Popular Oligarchy: Why the Public Still Supports Georgian Dream

  • GD managed to correct the neoliberal economic policies of its predecessor and establish a more-or-less functional social safety net. It is true that the extensive social programs come at a high price: they put immense pressure on the country’s macro-economic stability and could undermine Georgia’s long-run economic prospects. For most voters, however, the long-term economic implications of imprudent social reforms are less important than the short-term benefits from the universal healthcare system and other social programs. Moreover, the safety net adds to the feeling of social inclusion in Georgia’s socio- economic life, something that was missing during the rule of the United National Movement (UNM) with its emphasis on neoliberal market-economy reforms. GD’s socially-oriented policies may undermining the country’s economic prospects in the long-term, but they certainly contribute to a positive image of the government in the immediate term.
  • GD has proven itself to be a pragmatic political player. The party did not embark on reforms that could put it at odds with the veto players within Georgian society. Rather, GD and its patron Bidzina Ivanishvili decided to coopt certain influential social groups such as the Soviet-era Georgian intelligentsia, people that Mikhail Saakashvili considered to be “flushed down” into oblivion. The aversion to painful reform is not necessarily good news for the country, but it cultivates GD’s image as a status-quo political force that doesn’t threaten the vested interests of influential groups by implementing painful reforms or withdrawing their benefits.
  • GD appears less threatening to citizens than did its predecessor, UNM. The political system built by Bidzina Ivanishvili rests on weakened state institutions (exception State Security Service) and various informal cooptation mechanisms. Unlike the rule of Mikhail Saakashvili, the GD government rarely uses coercion to repress political opposition or public discontent. A combination of perceived weakness and the absence of coercive mechanisms have made GD appear less threatening and thus more acceptable to the majority of the population.
  • There has been no major backsliding of the key reforms GD inherited from its predecessor. Petty corruption has not returned to Georgia. Neither have old Soviet-era institutions such as “thieves in law.” Georgia’s impartial institutions proved themselves robust enough to survive when UNM’s tight control over the state apparatus was removed. That fact has been acknowledged by the public. For instance, the Transparency International’s Corruption Perception Index has improved since the change of power in 2012. Hence, although GD lacks the drive for reform which characterized UNM, it has successfully escaped a reputation as a retrograde or reform-resistant political force. GD is not considered a spoiler of the successful state-building reforms implemented under Mikhail Saakashvili.
  • GD has successfully withstood accusations by the opposition of being a pro-Russian political force. GD did abandon the confrontational manner of interaction with Russia, and trade relations between the two countries have significantly improved since it assumed power. However, GD has not abandoned Georgia’s pro-Western foreign policy course. In fact, it has accomplished important milestones on the path of European integration, including ratification of the Association Agreement and achievement of the visa-free regime. However, GD has failed to stop Russia’s “borderization” policy and there have been no breakthroughs in resolution of the territorial conflicts.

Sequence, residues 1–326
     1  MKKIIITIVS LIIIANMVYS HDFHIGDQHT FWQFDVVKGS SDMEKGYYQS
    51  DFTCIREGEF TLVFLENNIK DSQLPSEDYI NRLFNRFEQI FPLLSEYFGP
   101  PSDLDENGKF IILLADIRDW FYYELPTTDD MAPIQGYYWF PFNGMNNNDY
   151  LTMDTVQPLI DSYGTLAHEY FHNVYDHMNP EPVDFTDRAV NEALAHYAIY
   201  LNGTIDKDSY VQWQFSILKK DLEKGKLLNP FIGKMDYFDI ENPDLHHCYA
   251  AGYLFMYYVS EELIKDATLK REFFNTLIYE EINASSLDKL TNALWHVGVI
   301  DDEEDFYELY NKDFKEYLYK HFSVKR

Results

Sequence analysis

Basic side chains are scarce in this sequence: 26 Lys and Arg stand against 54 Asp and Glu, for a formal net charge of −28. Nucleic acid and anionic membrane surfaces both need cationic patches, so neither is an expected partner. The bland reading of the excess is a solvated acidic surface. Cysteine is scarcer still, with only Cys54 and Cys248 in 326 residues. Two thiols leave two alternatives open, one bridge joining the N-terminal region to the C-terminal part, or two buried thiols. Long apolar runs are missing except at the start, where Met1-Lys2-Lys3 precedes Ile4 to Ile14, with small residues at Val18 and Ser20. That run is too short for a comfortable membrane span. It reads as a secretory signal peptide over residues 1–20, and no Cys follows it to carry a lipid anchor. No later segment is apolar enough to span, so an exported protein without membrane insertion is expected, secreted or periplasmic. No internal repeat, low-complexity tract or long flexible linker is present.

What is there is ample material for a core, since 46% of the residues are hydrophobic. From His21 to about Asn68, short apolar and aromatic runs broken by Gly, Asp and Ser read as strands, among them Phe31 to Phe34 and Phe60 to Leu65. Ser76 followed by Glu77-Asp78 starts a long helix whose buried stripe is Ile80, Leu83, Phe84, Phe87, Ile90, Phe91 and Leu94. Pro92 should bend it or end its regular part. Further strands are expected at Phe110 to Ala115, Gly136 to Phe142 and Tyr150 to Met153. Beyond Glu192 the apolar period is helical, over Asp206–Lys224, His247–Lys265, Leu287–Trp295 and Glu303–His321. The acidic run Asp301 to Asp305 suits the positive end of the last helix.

• The internal weakness of the opposition is perhaps the most important reason for GD’s continued popularity. The splitting of UNM into two separate parties did not aid pluralism in Georgia’s party system. The splinter group—the Movement for Liberty-European Georgia— seems to be successfully replicating the path of the Republican Party of Georgia, marginalizing itself and becoming politically insignificant. The remnants of UNM, on the other hand, suffer from brain drain and the long political shadow cast by Saakashvili. The other liberal opposition parties are in even worse condition. Each lack political stability, a clear vision and, most importantly, public appeal. To be sure, the majority of these parties are led by young, liberal, and pro-Western politicians. Unfortunately, however, none have the political charisma and financial resources to win the hearts and votes of Georgians. As ironic as it may sound, it seems that Saakashvili was Georgia’s only liberal pro-Western leader capable of performing a nearly-impossible balancing act of promoting liberal ideas and staying popular with the population for a sustained period of time.


In conclusion, it is a personal achievement of multibillionaire Bidzina Ivanishvili that GD remains firmly in power after five years of rule. Ivanishvili built a political system which does not rely on coercion but rather cooptation through material and political incentives. Therefore, the state appears less threatening and does not challenge the vested interests of influential veto actors. Ivanishvili has succeeded through the use of a pragmatic and Machiavellian policy mix to establish a system of oligarchic governance that remains fairly popular.

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